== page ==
Grantee Spotlight

“We have to make sure people use their voice”: PT Partners builds community in Bridgeport

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For residents of the PT Barnum Apartments in Bridgeport, the sewage treatment plant next door has been a frequent source of problems. The local Water Pollution Control Authority, or WPCA, which oversees the plant, has been trying to expand the plant even closer to the apartment complex – and residents say their voice has been left out of considering it.

“In a community meeting with the WPCA, they talked about businesses, the rest of the Black Rock neighborhood who’s not right next door, and the animal life, the marine life, even the rodents,” said Tamsyn Ambler. “They didn’t once say PT Barnum. There was a map open, and they didn’t even acknowledge that there’s a community right there.”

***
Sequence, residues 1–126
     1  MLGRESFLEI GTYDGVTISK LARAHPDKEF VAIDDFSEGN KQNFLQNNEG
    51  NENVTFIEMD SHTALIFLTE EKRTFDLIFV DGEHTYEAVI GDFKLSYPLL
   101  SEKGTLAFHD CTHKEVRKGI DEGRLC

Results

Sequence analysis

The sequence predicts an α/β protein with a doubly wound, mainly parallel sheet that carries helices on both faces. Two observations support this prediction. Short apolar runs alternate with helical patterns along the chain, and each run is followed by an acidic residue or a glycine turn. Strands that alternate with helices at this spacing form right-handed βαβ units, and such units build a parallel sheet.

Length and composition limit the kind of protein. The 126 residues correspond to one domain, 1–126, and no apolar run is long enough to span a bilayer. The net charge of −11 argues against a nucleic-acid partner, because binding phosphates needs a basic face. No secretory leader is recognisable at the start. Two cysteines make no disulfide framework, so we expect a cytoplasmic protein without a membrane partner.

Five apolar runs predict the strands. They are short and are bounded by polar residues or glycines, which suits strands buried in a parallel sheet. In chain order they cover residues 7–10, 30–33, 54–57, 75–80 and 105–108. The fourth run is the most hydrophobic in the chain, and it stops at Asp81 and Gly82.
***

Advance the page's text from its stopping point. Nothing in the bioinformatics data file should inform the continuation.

“It was like the lives of animals mattered more than ours,” Dione Dwyer, a resident at PT Barnum, added.

Ambler and Dwyer are members of PT Partners, a grassroots, resident-led organization that was founded in 2014. The organization seeks to foster a PT Barnum community that works together, where residents serve as leaders in fighting injustice and changing the systems that impact their lives and community. Residents of PT Barnum are working to make sure they have a seat at the table at meetings and that resident voices are acknowledged.

“That’s why we show up – to be heard,” Ambler said.